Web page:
Background: Patients with node-positive head and neck squamous cell carcinomas (HNC) have a significant risk of residual disease (RD) in the neck after treatment, despite optimal chemoradiotherapy (CRT). Adjuvant neck dissection (ND) after CRT has been considered standard treatment, but its morbidity has led investigators to consider using post-CRT imaging to determine the need for surgery. We analyzed the cost-effectiveness of computed tomography (CT) and positron emission tomography-computed tomography (PET-CT) as predictors of the need for ND compared with ND for all patients.
Materials and methods: We developed a Markov model to describe health states in the 5 years after CRT for HNC in a 50-year-old man. We compared three strategies: dissect all patients, dissect patients with RD on CT, and dissect patients with RD on PET-CT. Probabilistic sensitivity analyses were carried out to model uncertainty in PET-CT performance, up-front and salvage dissection costs, and patient utilities.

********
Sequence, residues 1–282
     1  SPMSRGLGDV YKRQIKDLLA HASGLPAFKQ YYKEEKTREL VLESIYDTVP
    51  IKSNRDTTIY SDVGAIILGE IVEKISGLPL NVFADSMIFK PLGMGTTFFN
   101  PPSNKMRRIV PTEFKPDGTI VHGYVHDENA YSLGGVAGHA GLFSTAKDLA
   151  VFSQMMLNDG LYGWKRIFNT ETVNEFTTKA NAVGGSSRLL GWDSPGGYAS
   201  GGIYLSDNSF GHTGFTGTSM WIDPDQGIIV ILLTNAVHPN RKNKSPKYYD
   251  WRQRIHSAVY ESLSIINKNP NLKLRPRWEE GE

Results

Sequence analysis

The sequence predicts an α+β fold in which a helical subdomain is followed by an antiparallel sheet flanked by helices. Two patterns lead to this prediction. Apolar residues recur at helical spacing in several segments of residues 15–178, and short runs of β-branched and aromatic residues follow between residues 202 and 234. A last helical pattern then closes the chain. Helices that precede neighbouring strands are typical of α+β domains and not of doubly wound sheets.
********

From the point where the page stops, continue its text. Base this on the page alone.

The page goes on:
Results: ND only for patients with RD on PET-CT was the dominant strategy over a wide range of realistic and exaggerated assumptions. Probabilistic sensitivity analyses confirmed that the PET-CT strategy was almost certainly cost-effective at a societal willingness-to-pay threshold of $500,000/quality-adjusted life year.
Conclusion: Adjuvant ND reserved for patients with RD on PET-CT is the dominant and cost-effective strategy.